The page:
One other important common feature of Econometric models is the concept of Diminishing Marginal Returns to ad spend. This phenomenon describes what happens when you increase ad spend — efficiency goes down. This occurs because you’ve used up all the ‘low hanging’ fruit, and have to expand out to less relevant inventory.
As ad spend increases, all of the most engaged potential users have already been targeted. So as you expand to lower intent audiences, an additional dollar of advertising spend will yield less ROI. This is why you can’t just double your budget on Facebook Ads and expect to get the same return – you’ll almost always see a higher cost per acquisition.
Follow along by making a copy of this model:
The above is real-world (anonymized) data for a client that increased ad spend from $500 per day to close to $4,000 daily on Facebook ads — they saw their cost per acquisition (CPA) rise 80% from ~$2.50 to $4.50 on average. The coefficient of CPA (x) is telling us that this client will see a $1 rise in cost per acquisition for every additional $1,163 they spend per day.
Seeing diminishing returns as you scale ad spend is fairly typical of the experience of fast-growing advertisers. Until you test and find a winner in terms of ad creative or landing page conversion rate, this pattern will hold. This is precisely why we experiment — it’s only by improving clickthrough rate or conversion rate that we can spend more at the same cost per acquisition (or hold budgets steady and reap the rewards of a lower CPA).
It’s important to note that ad spend doesn’t usually just get less efficient linearly — it often declines at an increasing rate. That means we have to model an exponential decay in our linear regression, which means introducing a non-linear transformation of spend. For this we use the "power function" transformation y=a*x^B. This gives us a nice curve representing the typical effect we expect to see.
The way we can fit this line in GSheets, is by manually changing the yellow box (B from the equation) until the Prediction values line up with Actuals, the R-squared is at its highest and the Error is at its lowest. Of course professionals would use an automated grid search algorithm for finding what value of B is appropriate, but to keep things simple it’s ok to do this manually.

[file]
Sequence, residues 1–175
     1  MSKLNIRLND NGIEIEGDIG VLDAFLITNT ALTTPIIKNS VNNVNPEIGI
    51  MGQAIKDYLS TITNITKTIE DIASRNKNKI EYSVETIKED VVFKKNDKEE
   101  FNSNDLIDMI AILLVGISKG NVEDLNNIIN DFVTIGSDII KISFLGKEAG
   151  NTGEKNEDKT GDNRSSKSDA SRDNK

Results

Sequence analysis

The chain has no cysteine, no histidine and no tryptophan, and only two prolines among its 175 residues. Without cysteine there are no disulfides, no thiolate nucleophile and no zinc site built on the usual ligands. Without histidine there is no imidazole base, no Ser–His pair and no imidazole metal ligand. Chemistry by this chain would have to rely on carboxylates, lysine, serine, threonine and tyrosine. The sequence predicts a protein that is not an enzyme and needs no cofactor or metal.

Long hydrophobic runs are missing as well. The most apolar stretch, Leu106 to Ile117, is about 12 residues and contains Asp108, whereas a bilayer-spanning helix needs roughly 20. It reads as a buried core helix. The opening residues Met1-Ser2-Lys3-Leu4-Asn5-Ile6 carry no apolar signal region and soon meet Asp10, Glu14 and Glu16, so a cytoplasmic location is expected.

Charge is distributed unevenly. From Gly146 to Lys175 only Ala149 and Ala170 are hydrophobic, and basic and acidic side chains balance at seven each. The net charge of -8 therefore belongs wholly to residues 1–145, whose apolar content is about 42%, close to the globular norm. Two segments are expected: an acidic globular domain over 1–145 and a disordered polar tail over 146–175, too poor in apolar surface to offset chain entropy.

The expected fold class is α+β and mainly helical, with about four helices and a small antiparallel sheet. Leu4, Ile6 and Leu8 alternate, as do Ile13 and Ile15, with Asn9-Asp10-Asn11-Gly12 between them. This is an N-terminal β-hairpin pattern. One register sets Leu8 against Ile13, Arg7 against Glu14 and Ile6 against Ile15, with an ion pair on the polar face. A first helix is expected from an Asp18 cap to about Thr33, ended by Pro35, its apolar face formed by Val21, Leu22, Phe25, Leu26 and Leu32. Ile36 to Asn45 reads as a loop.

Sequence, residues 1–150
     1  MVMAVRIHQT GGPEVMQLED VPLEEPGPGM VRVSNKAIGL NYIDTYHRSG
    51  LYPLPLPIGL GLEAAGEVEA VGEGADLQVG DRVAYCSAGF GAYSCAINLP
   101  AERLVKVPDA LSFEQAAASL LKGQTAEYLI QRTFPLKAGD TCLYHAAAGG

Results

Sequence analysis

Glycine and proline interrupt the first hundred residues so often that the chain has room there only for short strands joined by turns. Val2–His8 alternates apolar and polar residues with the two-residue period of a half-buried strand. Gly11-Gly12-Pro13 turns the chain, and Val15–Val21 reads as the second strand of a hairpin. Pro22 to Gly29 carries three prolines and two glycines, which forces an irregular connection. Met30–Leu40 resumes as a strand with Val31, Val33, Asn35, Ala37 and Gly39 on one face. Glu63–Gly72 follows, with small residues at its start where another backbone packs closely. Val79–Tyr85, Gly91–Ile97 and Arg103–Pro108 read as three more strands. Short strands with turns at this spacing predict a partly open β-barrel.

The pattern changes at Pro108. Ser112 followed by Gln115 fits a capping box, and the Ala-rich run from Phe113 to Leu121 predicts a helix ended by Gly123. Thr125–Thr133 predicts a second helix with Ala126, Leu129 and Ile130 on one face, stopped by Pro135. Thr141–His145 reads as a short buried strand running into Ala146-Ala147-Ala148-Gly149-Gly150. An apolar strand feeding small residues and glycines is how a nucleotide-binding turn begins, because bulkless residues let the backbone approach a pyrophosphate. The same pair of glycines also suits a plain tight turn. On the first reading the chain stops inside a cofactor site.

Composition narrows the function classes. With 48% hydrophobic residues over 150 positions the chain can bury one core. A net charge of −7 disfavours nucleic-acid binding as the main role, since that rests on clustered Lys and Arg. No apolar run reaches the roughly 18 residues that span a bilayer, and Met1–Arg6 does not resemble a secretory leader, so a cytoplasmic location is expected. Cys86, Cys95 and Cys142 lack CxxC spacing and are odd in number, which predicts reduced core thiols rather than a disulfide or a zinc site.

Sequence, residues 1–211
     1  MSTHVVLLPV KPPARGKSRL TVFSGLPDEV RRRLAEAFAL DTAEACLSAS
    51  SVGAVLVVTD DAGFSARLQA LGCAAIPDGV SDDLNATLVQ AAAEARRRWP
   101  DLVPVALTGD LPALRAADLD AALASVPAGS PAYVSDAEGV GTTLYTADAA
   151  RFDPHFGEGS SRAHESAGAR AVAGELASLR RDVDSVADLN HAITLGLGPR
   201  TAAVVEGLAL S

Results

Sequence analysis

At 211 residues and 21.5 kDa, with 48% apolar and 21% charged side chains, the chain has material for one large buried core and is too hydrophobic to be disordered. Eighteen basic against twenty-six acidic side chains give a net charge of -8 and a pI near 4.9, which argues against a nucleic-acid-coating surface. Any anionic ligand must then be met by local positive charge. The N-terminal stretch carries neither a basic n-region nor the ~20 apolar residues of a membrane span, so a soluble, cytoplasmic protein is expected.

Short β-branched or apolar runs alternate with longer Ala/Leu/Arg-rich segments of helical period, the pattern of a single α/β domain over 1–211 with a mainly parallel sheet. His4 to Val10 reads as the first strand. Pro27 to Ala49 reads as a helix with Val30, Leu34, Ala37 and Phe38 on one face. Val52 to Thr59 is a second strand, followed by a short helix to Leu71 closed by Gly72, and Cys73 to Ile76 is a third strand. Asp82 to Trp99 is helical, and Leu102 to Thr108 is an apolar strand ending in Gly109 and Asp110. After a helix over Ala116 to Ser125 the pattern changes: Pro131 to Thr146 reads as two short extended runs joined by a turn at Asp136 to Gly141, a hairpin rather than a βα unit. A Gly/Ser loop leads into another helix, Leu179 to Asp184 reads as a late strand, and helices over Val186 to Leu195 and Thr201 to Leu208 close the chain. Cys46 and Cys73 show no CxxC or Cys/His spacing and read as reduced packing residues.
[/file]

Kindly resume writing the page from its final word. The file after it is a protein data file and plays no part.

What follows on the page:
Now we have a formula that works and is predictive of the relationship between spend and conversions, we can use it to predict CPA at any level of ad spend we like. From the spend and forecast conversions we can work out CPA, as well as the marginal conversions and CPA — i.e. how many extra conversions are we getting from each incremental dollar?
Now you can see that the increase in CPA was actually worse than you thought — the efficiency of the first $500 or $1,000 was masking the incremental inefficiency of going from say $3,500 to $4,000. From that step change you only get 27 more conversions for your extra 500 dollars, meaning those extra conversions cost you $18.54 each! This effect is called diminishing marginal returns, and it happens whenever you reach saturation in a channel — on the margin conversions get exponentially more expensive.
It’s important to note that this pattern will be more reliable the closer your historic ad spend has been to the levels you want to experiment with. For example if we’ve never had a $10,000 week, it’s unlikely the model will be very accurate when drawing that curve. I’ve often recommended running a ‘pulse’ test if you need to test a new spend level – arbitrarily spend more some weeks versus others to generate good variance in your data for modeling.
In a real Econometric model you would usually work out the diminishing marginal returns (or efficient frontier curve) for every channel, or even campaign if you had enough data. This would allow you to choose the right budget allocation for each, making tradeoffs between volume and efficiency. This gets at the heart of the strategic value of Econometric modelling – this is how multi-million dollar budgets are confidently justified by the largest advertisers, especially in less directly measurable channels than Facebook ads, like TV, billboards or influencer marketing.
That covers how to work Diminishing Returns into your Econometric model, using GSheets. If you haven’t yet read the other posts in this series on Econometrics, you can find the links here:
- Econometrics in GSheets
- Econometrics in Python
- Diminishing Returns (this post)
- Measuring the Halo Effect
- When Econometrics Works
In future we plan to cover:
- Word of Mouth Coefficient
- Testing Model Accuracy
- Monte-Carlo Simulations
- Machine Learning Models
- Data Import from APIs
- The Future of Econometrics
- Any other topics? Tweet @hammer_mt to request